Winder felt that Roach was being rude to Berkeley and making
the situation more difficult.
and Winder learned that Berkeley had an outstanding arrest
warrant and placed him under arrest in the back of
Winder's patrol car. While Berkeley was in the patrol
car, he and Roach began to argue again. Roach tried to shut
the car door, but Berkeley's leg prevented it from
closing. Roach tried to shut the door again and then used a
knee strike to try to force Berkeley's leg into the car.
Berkeley claims the knee strike hit his groin, while Roach
claims the strike was to Berkeley's outer thigh. After
the knee strike, Berkeley jumped out of the patrol car. Roach
and Winder tried to push Berkeley back into the patrol car.
Another officer on the scene, Officer Dozier, was able to
force Berkeley onto the ground. Roach and Dozier held
Berkeley down, and Roach threatened to use his Taser if
Berkeley resisted further. Berkeley calmed down, and Dozier
and Winder helped him back into the patrol car.
and Winningham learned about this incident the following
Monday, October 7, 2013. That morning, another officer told
Crouse and Winningham that he had heard that Roach had
"kneed Mr. Berkeley in the" groin. J.A. 1116.
Crouse and Winningham read the incident report and viewed
pictures of Berkeley's injuries. Crouse discussed his
concerns about the incident with Captain Murray.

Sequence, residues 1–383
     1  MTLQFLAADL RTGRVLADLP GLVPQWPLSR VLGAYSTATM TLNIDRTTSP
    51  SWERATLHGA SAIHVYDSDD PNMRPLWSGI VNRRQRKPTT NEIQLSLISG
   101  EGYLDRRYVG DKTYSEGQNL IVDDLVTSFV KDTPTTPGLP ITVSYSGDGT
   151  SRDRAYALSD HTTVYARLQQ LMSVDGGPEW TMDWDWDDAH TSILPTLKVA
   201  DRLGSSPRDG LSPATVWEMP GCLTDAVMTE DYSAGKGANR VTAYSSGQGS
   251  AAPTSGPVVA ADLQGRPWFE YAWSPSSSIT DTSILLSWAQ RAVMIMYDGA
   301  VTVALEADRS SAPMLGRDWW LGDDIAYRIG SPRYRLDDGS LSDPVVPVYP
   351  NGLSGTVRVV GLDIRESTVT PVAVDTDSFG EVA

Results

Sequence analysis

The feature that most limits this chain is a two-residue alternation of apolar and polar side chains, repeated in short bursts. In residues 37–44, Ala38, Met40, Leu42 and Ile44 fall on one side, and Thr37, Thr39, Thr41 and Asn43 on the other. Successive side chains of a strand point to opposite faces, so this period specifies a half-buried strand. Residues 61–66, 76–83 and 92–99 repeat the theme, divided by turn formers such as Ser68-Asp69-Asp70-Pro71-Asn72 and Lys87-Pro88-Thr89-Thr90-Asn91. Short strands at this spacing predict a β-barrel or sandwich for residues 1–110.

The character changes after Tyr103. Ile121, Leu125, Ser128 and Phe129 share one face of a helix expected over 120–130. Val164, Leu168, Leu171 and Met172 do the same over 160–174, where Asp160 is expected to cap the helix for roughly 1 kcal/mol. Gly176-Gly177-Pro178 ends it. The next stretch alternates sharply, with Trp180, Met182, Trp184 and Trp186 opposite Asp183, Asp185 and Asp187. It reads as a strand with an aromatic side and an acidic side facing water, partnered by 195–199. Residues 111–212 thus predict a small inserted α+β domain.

next day, Crouse and Winningham decided to talk to Berkeley.
During their lunch, Crouse and Winningham drove to
Berkeley's house. They were in plainclothes and driving
an unmarked car, but their guns and badges were visible.
After a few minutes sitting outside the house, they saw
Berkeley and initiated a conversation with him. Crouse and
Winningham encouraged him to file a complaint about Roach.
They told him that other officers supported his version of
the story, and Winningham suggested that Berkeley get an
attorney. Crouse also handed Berkeley a form that the police
department prepared for citizens to submit complaints about
police officers. These forms were freely available in the
police station and were distributed by clerical staff and
and Winningham made several efforts to conceal their visit to
Berkeley. Crouse used a separate piece of paper to hold the
citizen complaint form, ensuring that his fingers never
touched the form that he gave to Berkeley. Crouse told
Berkeley to pretend not to recognize the officers if they saw
each other in the police station. After they left, the two
officers initially agreed to say that Berkeley had flagged
them down but ultimately decided to tell the truth if they
the officers' entreaties to Berkeley not to discuss their
visit, he spoke with Officer Winder that day. He told her
that a Moncks Corner police officer had encouraged him to sue
Roach and the Moncks Corner Police Department. Winder
informed Chief Caldwell, who assigned Lieutenant Mark Fields
to investigate the entire incident-both Berkeley's claim
of excessive use of force and the visit by the mysterious
began his investigation by reviewing the incident report and
interviewing some of the officers who were present at
Berkeley's arrest. On October 15, 2013, Fields
interviewed Berkeley about both his arrest and the officers
who had come by his house. Based on Berkeley's physical